In a conversation with Bibblio CEO Mads Holmen, SUITCASE Group founder Serena Guen discusses the success of her multimedia travel magazine. First published in 2012 and with a staff of eighteen, she talks about profiling her title’s audiences, being platform agnostic and her inspirations drawn from the wider publishing industry.
Mads: Who are your publication’s target audience?
Serena: Our target audience have a millennial mindset and are looking for trips where they can experience the best of local life, integrating with local cultures and doing off-grid activities. We are looking to cater to people who want to get under the surface of destinations rather than just having a superficial experience, and in that way give back to the communities that they’re traveling to.
Mads: What different types of content are you offering them?
Serena: Social media is often the entry point to our content for readers – offering short-form beautiful and educational ways to engage. The website contains quickly digestible content with destinations, hotels and other city guides that are easier to digest and practical to use. It acts as a toolkit for people who are just looking for inspiration or want to explore all these different places before they even go.
The Travel Planner is a piece of technology that we built that will help travellers navigate new destinations. The print magazine looks more like a coffee table book. It offers long-form content – timeless photography and stories that give a flavour of each destination in a timeless way.
All of our platforms’ content is based on tips from locals and experts to make sure that we provide the best and most authentic experiences.
Mads: How large is your publication in terms of audience and staff?
Serena: SUITCASE Magazine is distributed globally and is available in the most important creative and forward-thinking areas in the cities of 90 countries, with over 400,000 readers across our platforms. We do all of this with a team of 18.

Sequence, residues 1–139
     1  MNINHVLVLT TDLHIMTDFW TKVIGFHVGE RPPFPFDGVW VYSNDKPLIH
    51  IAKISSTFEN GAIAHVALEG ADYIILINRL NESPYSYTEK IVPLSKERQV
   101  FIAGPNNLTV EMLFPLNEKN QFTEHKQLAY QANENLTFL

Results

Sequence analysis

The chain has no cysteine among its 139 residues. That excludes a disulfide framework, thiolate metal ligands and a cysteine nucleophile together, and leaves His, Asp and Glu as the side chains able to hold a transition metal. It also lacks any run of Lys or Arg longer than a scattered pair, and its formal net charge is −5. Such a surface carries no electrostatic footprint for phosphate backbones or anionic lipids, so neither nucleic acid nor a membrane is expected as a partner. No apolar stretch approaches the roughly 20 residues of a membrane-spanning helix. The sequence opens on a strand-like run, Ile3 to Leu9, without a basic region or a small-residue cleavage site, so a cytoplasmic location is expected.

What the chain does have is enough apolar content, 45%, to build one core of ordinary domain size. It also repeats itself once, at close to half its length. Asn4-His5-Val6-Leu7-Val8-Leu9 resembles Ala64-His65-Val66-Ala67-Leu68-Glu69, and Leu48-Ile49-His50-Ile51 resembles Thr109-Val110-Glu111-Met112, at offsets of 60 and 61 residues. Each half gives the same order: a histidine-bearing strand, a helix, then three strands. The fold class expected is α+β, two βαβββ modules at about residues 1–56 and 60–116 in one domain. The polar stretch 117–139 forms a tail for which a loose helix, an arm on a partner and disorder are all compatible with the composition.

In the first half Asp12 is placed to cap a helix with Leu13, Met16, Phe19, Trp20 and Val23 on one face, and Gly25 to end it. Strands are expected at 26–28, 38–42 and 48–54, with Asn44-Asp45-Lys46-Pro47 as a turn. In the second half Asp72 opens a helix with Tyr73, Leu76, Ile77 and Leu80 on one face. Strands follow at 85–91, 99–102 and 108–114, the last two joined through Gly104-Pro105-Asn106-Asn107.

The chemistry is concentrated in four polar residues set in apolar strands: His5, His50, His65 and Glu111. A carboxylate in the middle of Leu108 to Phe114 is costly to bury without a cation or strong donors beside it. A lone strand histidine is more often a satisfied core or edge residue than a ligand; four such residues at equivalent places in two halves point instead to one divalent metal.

Mads: You’ve managed to grow impressively with that team. What has been the secret sauce?
Serena: Listening to our audience and also constantly reminding ourselves of our mission. Whenever we do something new, we ask ourselves if we’re bringing ourselves closer to our goals.
Mads: How do you prioritize attracting new audiences vs. engaging existing users deeper?
Serena: Our current priority is growth but first we made sure that our current audience is well catered for by continuing to produce high-quality content and valued by giving them perks or inviting them to events.
We attract new audiences by working with industry leaders across diverse interest sets from sport to photography and then once they’re on our page, they realize that we have a lot of useful and inspirational content for their travels, so hopefully keep them!
Mads: What’s your social media strategy, and how important is it for you to be present on those platforms?
Serena: We’ve profiled our audience and we’ve got four content pillars that we try to center everything around: inspire (45% content), stay (e.g. hotels 15%), explore (25%), educate (15%). Instagram is our fastest growing platform but we’re about to start afresh with Pinterest too.
Mads: Are there new social trends you’re into?
Serena: I love the idea of Instagram hiding the likes button, which they’re currently trialling in a few different markets. I think this will help hugely augment creative expression on the platform and massively improve mental health.
Mads: Agreed! On a different tack: What’s your fastest growing area?
Serena: They’re magazine subscription sales (150% YoY) and audience on the website (100% YoY). It’s really cool to see two supposedly contrarian platforms growing just as fast as each other. I believe it proves that readers truly want to consume different things via different platforms (all of which are not digital) and that they’re willing to pay for high-quality content.
Mads: Why do you think your model has been successful?
Serena: We’ve always had the approach of maintaining a strong brand and producing high-quality content first and then deciding the platform to communicate it on second. I think that a combination of building a brand that readers are loyal to and being platform agnostic puts us in a much stronger position for the future.
Mads: What do you think other vertical publishers could learn from this journey?
Serena: Don’t try to be all things to everyone at once, being niche and targeted is the future and helps build a much stronger brand.
Mads: Lastly, which other publishers do you look to for inspiration?
Serena: The New York Times (T Studio is also incredible), Financial Times and The Business of Fashion for their business models. Tina Brown for her content strategy when she was an editor for Vanity Fair. National Geographic for its photography. I also draw a lot of inspiration from brands such as SODA Says and Floom, content creators such as Olivia Lopez and art.
Re-published with kind permission of Bibblio, the recommendation system helping publishers increase audience and revenue without invasive adtech.